AW169 programme development is progressing as planned, achieving all the programmed milestones. The aircraft incorporates several new technology features to provide the highest levels of safety and operational benefits for customers. Next-generation technologies are embedded in the rotors, blades, engines, avionics, transmission and electric power generation and distribution systems. We have to respect a very aggressive time to market scheduling with first flight in 2012, certification in 2014 and start of deliveries immediately afterwards.

What about the VXX, with Boeing, and the Common Vertical Lift Support (CVLSP) programme, and when will the aircraft be available?

We have an agreement with Boeing that allows them to offer their own version of the AW101 for the VXX requirement. Boeing will own full data rights to the AW101 and be responsible for the design, production and delivery of the aircraft. This will be a Boeing derivative of the AW101 and we expect a request for proposals for year-end, with contract award in 2014.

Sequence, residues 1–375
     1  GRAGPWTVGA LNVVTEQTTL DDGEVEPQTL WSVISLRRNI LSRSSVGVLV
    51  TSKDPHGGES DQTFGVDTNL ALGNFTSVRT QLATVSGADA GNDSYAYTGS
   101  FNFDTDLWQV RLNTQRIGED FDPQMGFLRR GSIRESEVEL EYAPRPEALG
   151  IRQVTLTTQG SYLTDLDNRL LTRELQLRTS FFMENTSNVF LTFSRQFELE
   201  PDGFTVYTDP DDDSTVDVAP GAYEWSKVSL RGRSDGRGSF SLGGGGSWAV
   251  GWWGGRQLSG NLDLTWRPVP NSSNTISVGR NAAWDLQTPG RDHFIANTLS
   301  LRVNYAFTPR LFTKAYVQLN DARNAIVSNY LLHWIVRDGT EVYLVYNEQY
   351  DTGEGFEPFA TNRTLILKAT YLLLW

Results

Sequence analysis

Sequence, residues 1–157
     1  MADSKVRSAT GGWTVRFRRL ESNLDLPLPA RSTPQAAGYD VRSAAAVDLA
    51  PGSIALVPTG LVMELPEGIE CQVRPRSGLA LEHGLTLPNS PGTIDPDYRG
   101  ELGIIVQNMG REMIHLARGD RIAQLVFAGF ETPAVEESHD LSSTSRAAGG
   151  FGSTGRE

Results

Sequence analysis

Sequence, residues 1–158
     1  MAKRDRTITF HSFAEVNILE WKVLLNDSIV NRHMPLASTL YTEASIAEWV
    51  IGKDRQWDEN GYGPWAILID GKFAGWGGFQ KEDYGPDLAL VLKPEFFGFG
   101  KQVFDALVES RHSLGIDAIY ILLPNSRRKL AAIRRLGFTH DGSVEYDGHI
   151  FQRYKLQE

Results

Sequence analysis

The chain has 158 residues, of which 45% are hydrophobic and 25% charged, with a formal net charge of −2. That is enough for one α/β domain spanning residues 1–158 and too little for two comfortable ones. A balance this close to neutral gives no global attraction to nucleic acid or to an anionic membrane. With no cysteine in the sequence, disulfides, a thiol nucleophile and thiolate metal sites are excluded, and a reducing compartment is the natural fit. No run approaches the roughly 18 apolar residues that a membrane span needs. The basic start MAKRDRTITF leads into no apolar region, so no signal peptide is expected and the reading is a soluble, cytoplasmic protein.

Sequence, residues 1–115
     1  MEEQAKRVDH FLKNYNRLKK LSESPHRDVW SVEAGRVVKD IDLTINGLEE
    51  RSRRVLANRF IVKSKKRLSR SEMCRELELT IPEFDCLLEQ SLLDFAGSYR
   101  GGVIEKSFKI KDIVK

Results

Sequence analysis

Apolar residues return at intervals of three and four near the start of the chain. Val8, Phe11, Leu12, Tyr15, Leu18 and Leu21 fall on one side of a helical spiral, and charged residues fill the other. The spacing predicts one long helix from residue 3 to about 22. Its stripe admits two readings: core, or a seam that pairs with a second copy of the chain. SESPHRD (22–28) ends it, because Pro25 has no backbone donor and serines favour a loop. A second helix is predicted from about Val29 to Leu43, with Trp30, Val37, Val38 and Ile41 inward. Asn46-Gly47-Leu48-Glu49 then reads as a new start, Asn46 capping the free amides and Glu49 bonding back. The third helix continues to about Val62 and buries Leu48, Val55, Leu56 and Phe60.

As far as the CVLSP programme is concerned, both the AW149 and the AW139M meet the US Air Force CVLSP mission requirement while offering substantial acquisition and operational savings and ensuring the lowest-risk, most cost-effective replacement for the CVLSP platform. We will offer the air force a schedule that meets with their CVLSP initial operational capability requirements. The RFP is expected to be issued by year-end, with a final decision in 2012.

What is the current state of the BA609 programme with Bell, how will the programme be managed in future and when is aircraft scheduled to enter in service?

I believe it would be in the best interests of the programme for AgustaWestland to assume ownership and management over the programme going forward and we are finalising our discussion with Bell on this matter. In the meantime the first two aircraft have accumulated over 580 flight hours in the USA and Italy.